Odds & Ends: Christmas 2020

Odds and Ends

Hell of a year, huh? It wasn’t strangely hard on me because my life is already mostly online. But even for me, it’s been hard. It’s one thing to choose to be alone. It’s another to be forced. Nothing makes me want to go outside like knowing that I can’t!

I don’t have a lot to say otherwise. Here are just a few things worth mentioning.

James Fillmore

I’m sure that this will embarrass him, but I want to highlight James Fillmore. He continues to write here. And I’ve gotten a number of compliments for his writing. So let me be clear: look at the author! I know, it’s in small print. But some of the best stuff here is by him.

His last article was particularly good, The Strange and Awful Origins of the Resolute Desk. That was really good! It reminded me of the days when I had the time to write cool articles like that! Remember the slogan here, “Everything interesting for everyone interesting!”

Sure, you can find most of that information on Wikipedia. But first, it will be poorly written in a way that will bore you to death. And second, you won’t know to look on Wikipedia for the HMS Resolute.

I spend most of my life editing other people writing. And I always know that something is good when I get interested in the text while editing. I assure you: it is extremely rare and I work with a lot of professional writers!

So thanks James! I really appreciate it. And I suspect a lot of other people do too!

Santi Claus

Early today, I was thinking of Santa Claus, as you do on Christmas Eve. And then I thought, “Oh yeah! Chico Marx and the Santi Claus.”

So I found this bit of Marx Brothers insanity from A Night at the Opera. These two are great together. And this is a great print:

And here is Chico in what I consider his best piano bit in Go West.

Christmas Evil

My favorite Christmas film is It’s a Wonderful Life. Just kidding! I actually hate that film. I love Frank Capra but at his worse, he’s saccharine. And that’s the case here.

My actual favorite Christmas film is Christmas Evil. If you want to know why, go over to Psychotronic Review. I explain this as well as why you should buy the film. But if you don’t want to, there is a free copy!

But now that I think about it, do I really explain why I love the film? The truth is that such things can’t be explained. It is unquestionably a great film. It’s a slasher film that is also an art film. But why do I love it? Because I love it!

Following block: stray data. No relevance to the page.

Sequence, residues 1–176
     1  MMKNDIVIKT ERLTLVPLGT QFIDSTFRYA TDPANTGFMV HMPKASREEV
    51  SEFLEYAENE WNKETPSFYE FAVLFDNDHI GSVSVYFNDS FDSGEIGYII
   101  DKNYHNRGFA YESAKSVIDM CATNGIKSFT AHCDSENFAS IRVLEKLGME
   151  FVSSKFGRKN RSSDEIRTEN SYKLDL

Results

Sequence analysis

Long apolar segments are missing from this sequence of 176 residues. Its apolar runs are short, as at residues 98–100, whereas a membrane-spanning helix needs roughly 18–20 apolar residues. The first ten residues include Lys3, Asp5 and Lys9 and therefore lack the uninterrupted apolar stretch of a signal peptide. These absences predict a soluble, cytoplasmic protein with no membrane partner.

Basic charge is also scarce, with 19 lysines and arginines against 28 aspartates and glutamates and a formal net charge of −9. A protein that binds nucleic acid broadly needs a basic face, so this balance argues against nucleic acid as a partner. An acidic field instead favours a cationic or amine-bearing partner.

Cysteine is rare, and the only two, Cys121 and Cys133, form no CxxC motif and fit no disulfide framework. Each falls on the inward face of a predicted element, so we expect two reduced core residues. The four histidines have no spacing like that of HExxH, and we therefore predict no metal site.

Baroness von Sketch Show

The best comedy group I’ve found in the last several years is the Baroness von Sketch Show. They are Canadian and they do some of the best stuff I’ve seen.

Strangely, most people I know aren’t that into them. I’m not sure why. Here’s Santa’s Christmas:

Stewart Lee Doesn’t Ruin Christmas

I was going to return to this old comedy bit by Stewart Lee to go along with my tradition of “Frank ruins holidays” posts. But when I watched it, I realized that he doesn’t actually ruin Christianity. Instead, he acts very pretentious and over-thinks a simple song. It’s very funny.

This is still a large part of his act today. A good example of this is his “pirate’s letter” routine where he complains that the audience isn’t laughing fast enough. And he goes on to explain the joke. People say explaining a joke ruins it, but when it’s done by a pretentious Englishman, it’s brilliant!

I had wanted to add a video of Harry Hill to show you what he was talking about but I couldn’t find a good one. The truth is that I think he’s brilliant but I don’t find him very funny. As for Michael McIntyre, I don’t even see why people think he’s funny. He’s so artificial. But I can tell that he could be funny if he weren’t doing the crap that his fans clearly love.

Merry Christmas

My mother’s side of the family is made up of a bunch of Christian Conservatives. And it’s only since she died that I learned that my mother was very religious in her way. I wish I had known because I would have loved to have talked to her about it.

The truth is that I think religion can be a beautiful thing. So I find it distressing when people use religion for nothing more than to reinforce their bigoted social and political beliefs. As an atheist mystic, I want more.

But regardless of your feelings about Christianity, you’ve got to admit that Christmas isn’t much of a holiday. From a theological standpoint, what does the birth of Jesus mean? There are stories but it has nothing to do with the religion itself. Yet I never hear Christians complaining about the Easter Bunny.

Listen up Christians: Easter is your big holiday. The fact that Christians make a big deal (or any deal) about Christmas show that they don’t take their own mythology seriously. But honestly, I really don’t know what American Christians get from their religion.

But whatever it is would starve any seeker of truth or God.

Merry Christmas!

The Strange and Awful Origins of the Resolute Desk

Resolute Desk

The Resolute Desk. It’s the main desk in the Oval Office. Duplicated a zillion times on film and TV sets, it is immediately recognizable to everyone. (Well, that and the windows.) Let’s learn where it came from!

Search for the Northwest Passage

In the 19th century, every empire worth its salt was trying to find the Northwest Passage. What’s that? It’s an easier way of getting from the Atlantic Ocean to the Pacific.

The route south of Argentina has notoriously awful sailing conditions. Even today, it’s a rough ride for scientists headed for Antarctica.